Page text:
More Q-song copying?

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In a comment on yesterday's "Q song?" post, AntC wrote:

Investigating Feelgood's (alleged) oeuvre further, other than the vacuous stuff, there seem to a diverse range of 'soundscapes' from 'grunge' to 'house' to (almost) lullabies to vaudeville. All of them very derivative. I greatly doubt they were the fruit of one mind; I suspect they're all just ripped off. Many on Silver Cloud 5 have Q-aligned titles.

So I thought I'd spend a couple of minutes checking it out — and so far, it appears that AntC is correct.

The lead song on Richard Feelgood's 2020 album Silver cloud 5 is Q Send me. Leaving out the initial "Storm is Coming" thunderclaps, it appears to be essentially identical to iFunk's 2009 song Firedancer. Here are stereo waveforms of two 6-second snips — except for a gain difference, which could easily be corrected, they're millisecond-by-millisecond identical:


And here's an audio file combining aligned versions of the first 34 seconds as stereo tracks:

Feelgood's Q Send Me is entirely instrumental, while the version of iFunk's Firedancer that I found on YouTube (also on SoundCloud) has some vocal sections. So there's more to the story — but there's also no question about the fact that opening section of Q Send Me (also repeated later in the track) is an exact audio copy of the opening of Firedancer.

I'll leave it to IPR lawyers to tell us about the legal status of this kind of copying, and to political analysts to tell us what it means that Q's new theme songs are apparently renamed copies of older tracks by musicians who presumably were not informed or consulted.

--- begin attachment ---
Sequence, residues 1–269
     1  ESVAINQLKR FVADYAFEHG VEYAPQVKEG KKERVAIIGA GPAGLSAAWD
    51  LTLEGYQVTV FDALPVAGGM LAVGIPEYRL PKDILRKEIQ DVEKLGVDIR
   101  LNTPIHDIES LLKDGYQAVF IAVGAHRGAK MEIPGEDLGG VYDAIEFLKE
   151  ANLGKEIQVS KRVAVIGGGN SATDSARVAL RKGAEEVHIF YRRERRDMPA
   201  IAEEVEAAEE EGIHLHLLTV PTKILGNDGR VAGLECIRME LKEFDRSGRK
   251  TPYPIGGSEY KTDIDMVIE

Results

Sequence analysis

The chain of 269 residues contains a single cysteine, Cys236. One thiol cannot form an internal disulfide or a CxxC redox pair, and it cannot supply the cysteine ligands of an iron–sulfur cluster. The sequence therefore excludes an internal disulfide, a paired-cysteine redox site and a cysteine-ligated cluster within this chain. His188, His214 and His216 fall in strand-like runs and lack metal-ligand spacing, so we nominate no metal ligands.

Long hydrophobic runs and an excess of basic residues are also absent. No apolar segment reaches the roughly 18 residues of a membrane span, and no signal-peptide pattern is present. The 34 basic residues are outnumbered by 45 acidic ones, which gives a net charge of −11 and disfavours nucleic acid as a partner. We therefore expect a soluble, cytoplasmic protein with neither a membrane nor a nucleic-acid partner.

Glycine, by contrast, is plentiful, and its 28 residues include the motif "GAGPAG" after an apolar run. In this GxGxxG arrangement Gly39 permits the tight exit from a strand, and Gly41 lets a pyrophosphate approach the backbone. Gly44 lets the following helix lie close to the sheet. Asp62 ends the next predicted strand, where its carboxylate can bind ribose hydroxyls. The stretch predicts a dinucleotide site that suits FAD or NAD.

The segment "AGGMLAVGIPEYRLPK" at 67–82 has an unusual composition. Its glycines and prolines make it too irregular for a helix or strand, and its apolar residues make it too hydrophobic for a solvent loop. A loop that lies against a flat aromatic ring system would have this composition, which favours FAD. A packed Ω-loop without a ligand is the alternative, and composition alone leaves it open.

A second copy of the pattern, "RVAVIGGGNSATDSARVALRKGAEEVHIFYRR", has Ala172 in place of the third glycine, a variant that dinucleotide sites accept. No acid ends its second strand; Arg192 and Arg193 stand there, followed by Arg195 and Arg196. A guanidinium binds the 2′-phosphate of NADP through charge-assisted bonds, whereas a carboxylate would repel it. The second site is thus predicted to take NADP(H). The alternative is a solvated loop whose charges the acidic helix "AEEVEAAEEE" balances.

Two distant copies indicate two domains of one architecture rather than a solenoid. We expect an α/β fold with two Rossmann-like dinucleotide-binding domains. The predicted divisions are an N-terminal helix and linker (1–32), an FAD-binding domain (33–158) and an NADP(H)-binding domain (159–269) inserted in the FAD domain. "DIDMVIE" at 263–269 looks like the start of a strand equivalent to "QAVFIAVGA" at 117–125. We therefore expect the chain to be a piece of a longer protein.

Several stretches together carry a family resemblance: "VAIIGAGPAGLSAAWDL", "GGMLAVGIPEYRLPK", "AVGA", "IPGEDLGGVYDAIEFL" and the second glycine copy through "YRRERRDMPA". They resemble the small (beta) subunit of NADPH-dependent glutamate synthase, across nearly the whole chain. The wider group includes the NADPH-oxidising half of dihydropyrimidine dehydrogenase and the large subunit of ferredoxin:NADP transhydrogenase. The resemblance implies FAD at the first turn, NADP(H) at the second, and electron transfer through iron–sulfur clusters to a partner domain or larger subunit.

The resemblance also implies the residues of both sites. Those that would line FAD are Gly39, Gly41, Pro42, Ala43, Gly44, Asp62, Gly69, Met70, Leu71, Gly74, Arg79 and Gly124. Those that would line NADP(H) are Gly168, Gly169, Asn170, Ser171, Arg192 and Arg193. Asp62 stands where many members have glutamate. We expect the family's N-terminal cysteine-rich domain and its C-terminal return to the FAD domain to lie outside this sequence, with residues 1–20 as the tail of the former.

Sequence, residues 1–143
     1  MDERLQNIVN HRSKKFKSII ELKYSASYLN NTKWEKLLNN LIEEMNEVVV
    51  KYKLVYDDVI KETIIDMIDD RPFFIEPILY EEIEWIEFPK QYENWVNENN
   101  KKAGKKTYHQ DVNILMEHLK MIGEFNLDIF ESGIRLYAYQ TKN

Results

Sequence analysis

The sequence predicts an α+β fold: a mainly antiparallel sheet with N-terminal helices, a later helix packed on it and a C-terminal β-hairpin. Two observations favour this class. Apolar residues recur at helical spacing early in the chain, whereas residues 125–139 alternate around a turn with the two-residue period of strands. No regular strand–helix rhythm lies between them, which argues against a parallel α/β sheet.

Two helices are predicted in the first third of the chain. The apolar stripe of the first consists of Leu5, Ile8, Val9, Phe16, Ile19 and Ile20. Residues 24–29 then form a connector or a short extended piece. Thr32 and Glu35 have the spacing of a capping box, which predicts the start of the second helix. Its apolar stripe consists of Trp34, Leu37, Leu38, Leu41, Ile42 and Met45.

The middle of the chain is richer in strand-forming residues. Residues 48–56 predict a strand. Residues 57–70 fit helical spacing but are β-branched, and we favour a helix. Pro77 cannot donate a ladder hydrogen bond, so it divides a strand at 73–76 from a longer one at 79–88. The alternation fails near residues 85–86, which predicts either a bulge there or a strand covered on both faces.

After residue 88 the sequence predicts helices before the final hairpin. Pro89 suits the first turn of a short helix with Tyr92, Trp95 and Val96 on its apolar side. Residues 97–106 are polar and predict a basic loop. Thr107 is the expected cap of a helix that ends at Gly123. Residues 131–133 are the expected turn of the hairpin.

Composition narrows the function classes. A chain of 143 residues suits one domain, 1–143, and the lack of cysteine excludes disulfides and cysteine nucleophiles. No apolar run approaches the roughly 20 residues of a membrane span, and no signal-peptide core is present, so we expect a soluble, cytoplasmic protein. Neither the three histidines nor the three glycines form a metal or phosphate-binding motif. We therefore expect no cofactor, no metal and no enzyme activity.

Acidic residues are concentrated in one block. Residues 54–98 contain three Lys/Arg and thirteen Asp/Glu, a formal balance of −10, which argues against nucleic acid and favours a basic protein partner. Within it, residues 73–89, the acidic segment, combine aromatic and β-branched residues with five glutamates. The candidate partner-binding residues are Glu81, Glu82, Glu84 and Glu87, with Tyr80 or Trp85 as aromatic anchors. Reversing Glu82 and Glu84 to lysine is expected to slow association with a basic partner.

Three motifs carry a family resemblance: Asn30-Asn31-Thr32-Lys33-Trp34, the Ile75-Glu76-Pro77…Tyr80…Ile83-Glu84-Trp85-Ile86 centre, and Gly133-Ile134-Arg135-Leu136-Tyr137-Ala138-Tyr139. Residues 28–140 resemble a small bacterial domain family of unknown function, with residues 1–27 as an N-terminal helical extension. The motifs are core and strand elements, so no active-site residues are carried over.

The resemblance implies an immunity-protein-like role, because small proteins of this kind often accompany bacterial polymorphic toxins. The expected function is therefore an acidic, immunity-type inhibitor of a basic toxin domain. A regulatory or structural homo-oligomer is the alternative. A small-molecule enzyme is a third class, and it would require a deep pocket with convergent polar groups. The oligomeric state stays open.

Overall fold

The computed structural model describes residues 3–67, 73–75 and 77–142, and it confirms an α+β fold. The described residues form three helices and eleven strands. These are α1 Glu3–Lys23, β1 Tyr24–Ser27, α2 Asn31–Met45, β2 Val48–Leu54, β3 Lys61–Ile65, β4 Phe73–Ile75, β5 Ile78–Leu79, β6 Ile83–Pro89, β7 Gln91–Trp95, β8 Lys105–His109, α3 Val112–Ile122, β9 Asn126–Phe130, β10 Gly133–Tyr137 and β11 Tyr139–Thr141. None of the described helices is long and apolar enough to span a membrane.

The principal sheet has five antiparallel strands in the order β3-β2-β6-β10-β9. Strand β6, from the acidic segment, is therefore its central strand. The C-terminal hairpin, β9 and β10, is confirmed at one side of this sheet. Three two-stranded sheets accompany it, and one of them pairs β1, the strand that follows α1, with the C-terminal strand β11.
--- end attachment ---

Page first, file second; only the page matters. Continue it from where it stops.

3 Comments »

  1. J.W. Brewer said,

    September 20, 2022 @ 11:07 am

    I guess the followup research (which is not myl's obligation to pursue, but could by done by anyone else with interest and time) is to see whether the same apparent exact copying of prior recordings attributed to other recording artists occurs on earlier R. Feelgood albums like Silver Cloud 3 or Silver Cloud 4 where the titles of the selections do not appear, at least to my perhaps naive and uninformed eye, to be Q-influenced. (I don't think I'm sufficiently adept with Q-subculture jargon to be confident that any of the titles on Silver Cloud 5 are definitely non-Q-related.) In other words, did he (bracketing issues of appropriate pronouns where a stage name is likely not a real name and may potentially stand for a collective rather than an individual) start engaging in this peculiar/dubious practice before apparently becoming interested in the Q-subculture worldview or did it happen simultaneously?

  2. maidhc said,

    September 21, 2022 @ 12:02 am

    In the second example, it looks to me like the percussion is cranked up more in the IamQ version. That is the spikes that occur at the beginning of each beat waveform. For that and other reasons, I would guess, just by looking at the waveforms, that it is not the same music, but rather two different mixes of the same music.

    If you did an A/B switching comparison with headphones, you could probably tell a difference, but for casual listening they are going to sound much the same.

    I've spent a lot of time looking at Audacity waveforms, and there's a lot of information there. But two waveforms don't look that close unless they derive from the same source.

    The big record companies constantly run algorithms looking for music posted to YouTube or other places without permission. I guess it probably calculates some kind of checksum over the waveform. But posters often change the pitch of the recording slightly to foil the algorithm. I know someone with perfect pitch who gets highly annoyed by this.

  3. rpsms said,

    September 21, 2022 @ 12:19 pm

    Re: missing lyrics, I am thinking Karaoke tracks

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